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Raising gas tax is a bad idea
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As the target of the budget stalemate last summer, I saw and experienced a lot of crazy publicity stunts that not only tried to persuade my stance on the unbalanced budget, but tried to put me in a bad light with my constituency. Fortunately most of my constituents saw through the rhetoric of those outsiders from Sacramento and have supported my stance against such a foolish budget that does not make sense for California's current situation or for our future.

As the Legislature tries to make heads and tails of how to resolve our current budget crisis estimated at $16 billion, we need to find creative solutions and work in a bi-partisan fashion for the good of the people. However, in finding this solution the state must face the music that California indeed has a spending problem and that raising taxes alone is not the answer.

Recently, the Assembly defeated AB 9 xxx (Nunez) that would have imposed a 6% tax on oil production, a 2 percent tax on windfall profits and would have increased oil production costs in the state by $1.2 billion. Some of those in Sacramento thought it was fine to pass this tax onto the oil producers, thinking this was the save all measure to stave off education cuts. However, what they didn't take into account is the fact that this tax hurts hard working Californians where it counts - their pocketbooks. Not only would this tax be passed along in the form of higher gas prices, but this could also cause our state to become more dependent on foreign countries for our supply of crude oil. Neither of these outcomes helps our economy. It simply adds another financial burden to Californians who are struggling with their own household budgets to buy groceries and make their monthly house and car payments.

Ironically less than two years ago, the voters defeated Proposition 87 on the November 2006 ballot. This initiative was, you guessed it, a similar proposal to raise gas taxes.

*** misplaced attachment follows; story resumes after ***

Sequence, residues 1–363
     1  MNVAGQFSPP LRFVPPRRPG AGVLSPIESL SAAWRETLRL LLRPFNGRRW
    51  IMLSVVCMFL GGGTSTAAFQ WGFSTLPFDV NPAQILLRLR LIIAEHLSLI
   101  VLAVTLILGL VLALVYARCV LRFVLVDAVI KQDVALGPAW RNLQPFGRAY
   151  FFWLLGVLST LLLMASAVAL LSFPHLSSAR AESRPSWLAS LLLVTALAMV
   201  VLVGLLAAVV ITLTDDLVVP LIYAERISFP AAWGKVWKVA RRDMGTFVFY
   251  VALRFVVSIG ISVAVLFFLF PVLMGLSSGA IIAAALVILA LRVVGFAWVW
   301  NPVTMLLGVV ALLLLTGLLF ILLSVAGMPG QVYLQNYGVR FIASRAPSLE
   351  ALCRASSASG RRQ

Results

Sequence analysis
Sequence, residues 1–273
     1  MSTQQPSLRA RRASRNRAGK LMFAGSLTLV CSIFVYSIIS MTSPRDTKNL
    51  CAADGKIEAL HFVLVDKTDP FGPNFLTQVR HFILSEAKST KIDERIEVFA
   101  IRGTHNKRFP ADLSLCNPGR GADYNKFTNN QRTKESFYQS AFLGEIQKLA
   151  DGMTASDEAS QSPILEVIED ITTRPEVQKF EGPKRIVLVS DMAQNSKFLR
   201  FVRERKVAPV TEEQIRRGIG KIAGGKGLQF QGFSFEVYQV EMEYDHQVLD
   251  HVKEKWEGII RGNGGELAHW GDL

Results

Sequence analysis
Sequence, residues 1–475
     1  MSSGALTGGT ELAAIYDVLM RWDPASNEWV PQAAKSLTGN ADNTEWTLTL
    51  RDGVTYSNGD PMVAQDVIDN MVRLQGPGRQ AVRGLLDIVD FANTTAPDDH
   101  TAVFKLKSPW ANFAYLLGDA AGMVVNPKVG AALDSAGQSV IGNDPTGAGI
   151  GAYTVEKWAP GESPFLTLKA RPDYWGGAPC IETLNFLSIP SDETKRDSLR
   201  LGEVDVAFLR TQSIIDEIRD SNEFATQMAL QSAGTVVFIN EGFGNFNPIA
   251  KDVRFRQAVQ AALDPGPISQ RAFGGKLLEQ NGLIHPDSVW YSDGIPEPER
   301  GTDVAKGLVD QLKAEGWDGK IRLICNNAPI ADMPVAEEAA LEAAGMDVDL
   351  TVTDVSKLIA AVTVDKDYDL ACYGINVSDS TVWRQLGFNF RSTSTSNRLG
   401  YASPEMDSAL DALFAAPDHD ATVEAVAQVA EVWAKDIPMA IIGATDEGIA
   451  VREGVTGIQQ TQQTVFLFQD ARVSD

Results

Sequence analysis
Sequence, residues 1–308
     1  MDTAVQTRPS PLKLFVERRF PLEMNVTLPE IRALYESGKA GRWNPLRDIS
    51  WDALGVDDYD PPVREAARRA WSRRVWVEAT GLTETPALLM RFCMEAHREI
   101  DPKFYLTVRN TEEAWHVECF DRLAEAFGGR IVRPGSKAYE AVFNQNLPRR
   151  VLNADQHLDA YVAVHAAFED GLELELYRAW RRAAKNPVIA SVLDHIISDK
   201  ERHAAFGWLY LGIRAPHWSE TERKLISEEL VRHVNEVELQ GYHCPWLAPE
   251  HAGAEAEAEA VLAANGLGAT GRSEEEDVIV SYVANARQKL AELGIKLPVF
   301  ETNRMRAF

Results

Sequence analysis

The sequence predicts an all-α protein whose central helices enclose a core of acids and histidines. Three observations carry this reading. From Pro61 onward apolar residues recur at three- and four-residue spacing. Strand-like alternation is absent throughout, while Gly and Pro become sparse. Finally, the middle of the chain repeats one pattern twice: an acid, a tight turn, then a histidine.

Unfortunately, AB 9 xxx is not going to be the end of this type of legislative foolishness this year. This proposed tax is only the beginning of the political posturing. The Assembly Speaker knew full well he wasn't even close to having the 54 votes necessary to pass a gas tax, yet he went ahead anyway. This is what is called a political drill - the staging of a vote to simply get press. We expect many other new tax measures to be introduced. I, however, am committed to work hard to find a meaningful solution to these continued budgeting problems. I believe that it will take a combination of new revenues (no, not taxes) and reduced spending that puts our budget in balance.

The Legislature must get back to prioritizing our state's funding. There are many items that we currently provide financial support for that we should carefully review. California should focus most of its budget on our two core priorities - education and public safety. I voted no in February on the mid-year cuts to education and healthcare. I will continue to advocate on behalf of our children, our teachers and to keep our communities safe. They should not have to pay for bad budgeting decisions made by Legislative Leaders during previous budgets.

The state must learn to live within its means and reduce its spending. Californians deserve better than political posturing. They deserve a balanced budget that focuses on today's students and tomorrow's future.

(Jeff Denham represents the 12th Senate District, which is located squarely in the Central Valley. The counties of Stanislaus, Merced, Madera and San Benito comprise 80 percent of the district.)